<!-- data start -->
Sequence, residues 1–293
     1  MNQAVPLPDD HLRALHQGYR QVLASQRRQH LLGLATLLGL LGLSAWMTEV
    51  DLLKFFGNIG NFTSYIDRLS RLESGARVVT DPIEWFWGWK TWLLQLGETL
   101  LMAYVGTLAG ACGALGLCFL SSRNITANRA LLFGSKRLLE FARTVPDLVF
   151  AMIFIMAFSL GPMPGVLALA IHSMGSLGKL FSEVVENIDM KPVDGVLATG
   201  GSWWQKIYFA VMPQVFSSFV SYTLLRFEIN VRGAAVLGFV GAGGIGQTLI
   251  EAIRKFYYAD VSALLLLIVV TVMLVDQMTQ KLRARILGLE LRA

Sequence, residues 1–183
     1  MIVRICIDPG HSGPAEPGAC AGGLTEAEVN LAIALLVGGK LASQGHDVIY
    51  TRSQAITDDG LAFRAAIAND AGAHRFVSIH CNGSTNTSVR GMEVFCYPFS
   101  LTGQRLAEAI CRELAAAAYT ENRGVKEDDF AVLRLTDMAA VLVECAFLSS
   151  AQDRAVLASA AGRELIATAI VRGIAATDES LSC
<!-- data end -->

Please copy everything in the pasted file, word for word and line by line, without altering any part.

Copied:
Sequence, residues 1–293
     1  MNQAVPLPDD HLRALHQGYR QVLASQRRQH LLGLATLLGL LGLSAWMTEV
    51  DLLKFFGNIG NFTSYIDRLS RLESGARVVT DPIEWFWGWK TWLLQLGETL
   101  LMAYVGTLAG ACGALGLCFL SSRNITANRA LLFGSKRLLE FARTVPDLVF
   151  AMIFIMAFSL GPMPGVLALA IHSMGSLGKL FSEVVENIDM KPVDGVLATG
   201  GSWWQKIYFA VMPQVFSSFV SYTLLRFEIN VRGAAVLGFV GAGGIGQTLI
   251  EAIRKFYYAD VSALLLLIVV TVMLVDQMTQ KLRARILGLE LRA

Sequence, residues 1–183
     1  MIVRICIDPG HSGPAEPGAC AGGLTEAEVN LAIALLVGGK LASQGHDVIY
    51  TRSQAITDDG LAFRAAIAND AGAHRFVSIH CNGSTNTSVR GMEVFCYPFS
   101  LTGQRLAEAI CRELAAAAYT ENRGVKEDDF AVLRLTDMAA VLVECAFLSS
   151  AQDRAVLASA AGRELIATAI VRGIAATDES LSC